My travel and walking reports: https://www.hikingbirdman.com/

Beth FF

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Re: Safety for solo walkers
« Reply #5 on: 09:53:39, 23/07/20 »
Thanks Jon, that's really kind of you  :)  My walk is on hold now because of Covid-19, and I'm moving to north Dorset in a couple of weeks, so I won't be able to finish it this year. It's a shame as I only had Suffolk and Essex left to do, but I hope to complete it next year if possible. I've lost so much fitness now that I'd have to go back to training anyway.


When I move I plan to do lots of exploring (on my own, around Cranborne Chase and other areas) and it struck me that I don't have anyone that would miss me if I didn't return home, and that there must be other people in the same position who, like me, could do with some sort of buddy system.

@Birdman, maybe I should just do what you do and come to terms with the fact that I'll be more at risk should anything go wrong. Then do everything I can to minimise the risk of that happening (which I do anyway). Stay safe.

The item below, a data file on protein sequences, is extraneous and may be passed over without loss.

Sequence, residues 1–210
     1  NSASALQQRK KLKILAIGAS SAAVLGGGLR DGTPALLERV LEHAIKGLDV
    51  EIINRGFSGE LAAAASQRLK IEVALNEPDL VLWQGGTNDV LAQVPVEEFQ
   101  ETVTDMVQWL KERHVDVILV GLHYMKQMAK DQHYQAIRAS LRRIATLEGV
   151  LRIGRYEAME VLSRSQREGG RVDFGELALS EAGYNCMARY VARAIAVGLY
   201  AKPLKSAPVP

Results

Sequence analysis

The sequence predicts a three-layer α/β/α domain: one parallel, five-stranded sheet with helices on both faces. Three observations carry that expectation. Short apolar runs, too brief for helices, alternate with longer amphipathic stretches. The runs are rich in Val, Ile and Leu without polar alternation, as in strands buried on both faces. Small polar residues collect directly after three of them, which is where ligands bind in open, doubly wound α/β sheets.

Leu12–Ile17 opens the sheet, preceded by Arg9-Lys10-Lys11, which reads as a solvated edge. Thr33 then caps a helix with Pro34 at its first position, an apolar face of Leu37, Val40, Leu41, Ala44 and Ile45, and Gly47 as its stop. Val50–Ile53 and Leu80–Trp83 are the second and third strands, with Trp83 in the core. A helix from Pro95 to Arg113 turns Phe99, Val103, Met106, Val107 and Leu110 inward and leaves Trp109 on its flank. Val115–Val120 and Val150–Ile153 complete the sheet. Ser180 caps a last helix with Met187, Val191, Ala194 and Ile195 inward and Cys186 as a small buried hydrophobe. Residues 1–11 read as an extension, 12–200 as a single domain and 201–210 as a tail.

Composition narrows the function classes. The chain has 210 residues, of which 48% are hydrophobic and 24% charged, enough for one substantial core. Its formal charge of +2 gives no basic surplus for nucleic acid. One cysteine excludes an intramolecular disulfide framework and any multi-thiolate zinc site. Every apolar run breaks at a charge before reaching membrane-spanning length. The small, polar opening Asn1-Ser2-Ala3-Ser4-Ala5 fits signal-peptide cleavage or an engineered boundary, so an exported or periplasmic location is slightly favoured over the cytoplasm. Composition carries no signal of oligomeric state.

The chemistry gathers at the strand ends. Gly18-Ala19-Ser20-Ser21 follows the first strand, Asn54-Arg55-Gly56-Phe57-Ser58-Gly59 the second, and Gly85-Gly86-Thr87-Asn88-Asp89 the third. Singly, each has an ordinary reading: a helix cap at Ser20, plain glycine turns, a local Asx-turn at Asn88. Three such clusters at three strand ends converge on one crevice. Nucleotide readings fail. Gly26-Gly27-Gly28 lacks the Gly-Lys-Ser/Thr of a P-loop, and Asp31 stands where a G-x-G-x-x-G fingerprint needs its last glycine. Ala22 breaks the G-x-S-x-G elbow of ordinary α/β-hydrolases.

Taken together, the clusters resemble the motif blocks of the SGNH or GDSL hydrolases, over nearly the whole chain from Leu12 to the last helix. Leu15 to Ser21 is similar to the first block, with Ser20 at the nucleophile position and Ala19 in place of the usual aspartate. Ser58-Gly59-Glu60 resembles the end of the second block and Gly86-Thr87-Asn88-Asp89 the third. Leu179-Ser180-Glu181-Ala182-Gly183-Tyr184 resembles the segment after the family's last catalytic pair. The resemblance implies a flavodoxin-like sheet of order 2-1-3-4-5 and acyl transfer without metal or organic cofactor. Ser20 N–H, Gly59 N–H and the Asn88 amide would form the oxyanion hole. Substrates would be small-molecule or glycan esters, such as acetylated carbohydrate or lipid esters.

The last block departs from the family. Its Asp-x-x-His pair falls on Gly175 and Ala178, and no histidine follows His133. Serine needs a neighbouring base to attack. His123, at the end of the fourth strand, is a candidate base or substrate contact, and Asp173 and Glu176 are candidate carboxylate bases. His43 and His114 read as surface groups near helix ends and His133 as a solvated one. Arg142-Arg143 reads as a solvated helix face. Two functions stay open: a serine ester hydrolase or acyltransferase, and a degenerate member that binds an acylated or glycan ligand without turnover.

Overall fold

Birdman

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Re: Safety for solo walkers
« Reply #6 on: 10:26:44, 23/07/20 »

@Birdman, maybe I should just do what you do and come to terms with the fact that I'll be more at risk should anything go wrong. Then do everything I can to minimise the risk of that happening (which I do anyway). Stay safe.


Yes, just be stoic about it. Some people are a bit more at risk because of certain physical conditions they have and others are a bit more at risk because of certain social conditions. We just have to except these things. Everything in life that is worth doing involves some risk. Just use your head and don't do really stupid things. That's all control you have. :)
My travel and walking reports: https://www.hikingbirdman.com/

GoneWest

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Re: Safety for solo walkers
« Reply #7 on: 12:05:28, 23/07/20 »
...
Recently, I have started to carry a PLB to give myself a chance of survival when I break my leg in the desert or something, but if something happens that makes it impossible to press it I'll be one of these guys that go missing and will never be found. It will probably take the best part of a year till anybody starts worrying.
That's why I carry an Inreach messenger (like a Spot, only better  ;) ) instead. It can track you and send back your positions in real time, though that comes back to the OP's problem of finding someone who will check up on you. It also has an emergency button, which, when pressed, will alert the emergency services, but I concede that a modern PLB is more reliable for that particular function.